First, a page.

I always imagine that when I grow up I’ll have a garden where I nurture fruit trees and grow all my own vegetables, then I suddenly remember that I’m fifty next month (aaargh…..) and it’s a bit like wearing red lipstick or having a tidy car, it’s just never going to happen. It’s rather fortuitous for me that I have friends who’ve taken different roads in life and sometimes ring with the offer of a basket of quinces or, better still, the opportunity to help them harvest their grapes.
So last Saturday Peter and I set out on our first grape picking expedition. A few years ago you would probably have assumed that we were leaping on a plane to visit some far flung Spanish bodega, but nowadays with over 400 hundred vineyards in England and Wales you won’t be so surprised to discover that we were within 1/2 an hour of Bristol. Our friend Ingrid’s vineyard is in Wrington, North Somerset, just a stone’s throw from The Ethicurean (that fabulous restaurant/cafe/walled garden that I’m always banging on about). Most people associate The West Country with cider but, with the acreage of vineyards doubling in England over the last 10 years, you’ll find a few winemakers too.
I’d imagined a seriously back breaking morning but Ingrid and Stephen had dozens of eager friends and family lined up and, after a bit of secateur tuition ( basically cut the green bits and not the old wood), we got going. We were picking Pinot Noir grapes, which along with some green Seyval (yes, you wine buffs probably know that they’re green – I didn’t) go into the Dunleavy Vineyards Rosé. The hot summer had been good to those vines and Ingrid seemed very chuffed with her harvest. I did feel a bit guilty though; it was as if we’d all just snapped up the form prize without doing the homework. There was a tremendous feeling of satisfaction and accomplishment filling all those crates with grapes, it seemed rather painless and fun, chatting away amongst the vines. It’s all too easy to forget that a couple of hours were the culmination of weeks and months of pruning, tidying and nurturing – it was almost as if we’d made it look too easy.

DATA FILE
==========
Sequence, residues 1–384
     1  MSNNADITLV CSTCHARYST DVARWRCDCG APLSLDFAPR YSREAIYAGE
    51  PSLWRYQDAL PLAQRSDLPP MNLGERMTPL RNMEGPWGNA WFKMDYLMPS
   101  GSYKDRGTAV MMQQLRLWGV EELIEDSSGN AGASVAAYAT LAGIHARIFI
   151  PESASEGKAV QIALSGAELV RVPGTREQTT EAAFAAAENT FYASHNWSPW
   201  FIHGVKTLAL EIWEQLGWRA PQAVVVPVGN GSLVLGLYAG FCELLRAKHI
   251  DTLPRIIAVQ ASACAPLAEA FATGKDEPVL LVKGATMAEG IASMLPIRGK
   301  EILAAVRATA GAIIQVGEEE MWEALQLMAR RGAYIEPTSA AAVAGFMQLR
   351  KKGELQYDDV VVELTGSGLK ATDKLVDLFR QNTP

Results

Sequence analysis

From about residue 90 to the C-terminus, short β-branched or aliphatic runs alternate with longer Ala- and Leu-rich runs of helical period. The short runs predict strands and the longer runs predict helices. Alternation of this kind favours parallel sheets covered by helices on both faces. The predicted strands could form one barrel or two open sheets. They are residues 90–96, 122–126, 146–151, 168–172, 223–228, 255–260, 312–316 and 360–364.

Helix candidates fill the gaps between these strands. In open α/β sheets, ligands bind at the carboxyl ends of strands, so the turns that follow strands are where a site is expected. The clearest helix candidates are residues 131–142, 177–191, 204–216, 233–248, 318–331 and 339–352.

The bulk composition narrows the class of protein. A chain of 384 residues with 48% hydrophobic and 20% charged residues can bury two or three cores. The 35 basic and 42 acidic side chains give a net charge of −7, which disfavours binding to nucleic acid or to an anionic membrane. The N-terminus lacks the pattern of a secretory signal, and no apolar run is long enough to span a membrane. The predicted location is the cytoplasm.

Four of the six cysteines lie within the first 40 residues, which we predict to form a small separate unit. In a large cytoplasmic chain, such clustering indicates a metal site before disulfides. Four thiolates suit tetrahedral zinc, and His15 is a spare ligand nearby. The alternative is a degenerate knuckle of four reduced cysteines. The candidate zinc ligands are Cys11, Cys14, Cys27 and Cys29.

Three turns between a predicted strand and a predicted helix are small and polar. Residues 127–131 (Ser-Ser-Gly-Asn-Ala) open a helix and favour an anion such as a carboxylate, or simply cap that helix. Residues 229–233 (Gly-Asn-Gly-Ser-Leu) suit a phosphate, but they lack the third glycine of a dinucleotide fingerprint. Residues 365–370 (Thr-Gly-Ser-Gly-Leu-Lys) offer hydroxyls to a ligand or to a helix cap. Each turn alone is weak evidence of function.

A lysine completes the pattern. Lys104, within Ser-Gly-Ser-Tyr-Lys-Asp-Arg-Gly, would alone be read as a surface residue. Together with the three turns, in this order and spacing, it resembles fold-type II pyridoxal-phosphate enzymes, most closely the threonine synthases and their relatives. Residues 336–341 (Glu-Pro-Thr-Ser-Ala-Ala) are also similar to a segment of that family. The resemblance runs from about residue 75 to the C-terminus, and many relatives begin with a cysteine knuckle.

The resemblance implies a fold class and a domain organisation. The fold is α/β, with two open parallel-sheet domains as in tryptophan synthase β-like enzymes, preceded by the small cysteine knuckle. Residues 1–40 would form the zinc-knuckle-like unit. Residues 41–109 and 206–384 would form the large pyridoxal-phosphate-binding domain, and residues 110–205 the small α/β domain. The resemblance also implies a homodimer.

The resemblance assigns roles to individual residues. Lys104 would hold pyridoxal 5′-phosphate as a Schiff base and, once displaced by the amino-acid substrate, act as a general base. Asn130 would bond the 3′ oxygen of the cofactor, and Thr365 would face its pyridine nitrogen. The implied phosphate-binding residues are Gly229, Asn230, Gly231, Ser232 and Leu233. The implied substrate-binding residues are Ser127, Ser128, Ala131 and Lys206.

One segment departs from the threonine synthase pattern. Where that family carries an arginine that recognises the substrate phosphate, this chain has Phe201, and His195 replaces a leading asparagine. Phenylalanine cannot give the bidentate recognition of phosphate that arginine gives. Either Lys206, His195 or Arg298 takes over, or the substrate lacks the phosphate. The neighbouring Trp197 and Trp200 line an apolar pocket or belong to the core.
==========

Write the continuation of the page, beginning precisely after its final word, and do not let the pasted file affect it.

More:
We finished up sitting around on picnic blankets with sandwiches, cake and wine; all in all a wonderfully relaxed day that will make the 2014 vintage an even more special one to drink. I can’t claim any knowledge when it comes to grape requirements for wine production but, later in the day, we received news that we’d picked around 2000 bottles’ worth of grapes with a sugar level of 85 and acidity of 8.5 – sadly this means very little to me but it made Ingrid happy so it must be good!
I meant to include a recipe in this post too – I remembered that (rather conveniently) I had a very simple one for poached peaches in my book The Real Taste of Spain. However, I rushed along to the local green grocer’s, Reg The Veg, to discover that the peach season really has come to a close. I also decided that I couldn’t bear the thought of boiling up some of Ingrid’s award winning rosé with vanilla and orange zest in any case. If, however, you do happen to have some peaches you can find my recipe on The Telegraph website here .
To hear a bit more about Ingrid, Dunleavy Wines and the rise of English winemaking then you can catch up on this Radio 4 Food Programme episode from July.
AND, more importantly, if you’re after some of the wine (the 2013 vintage won the Local Producers award at Bristol Good Food Awards 2014), here’s where to get it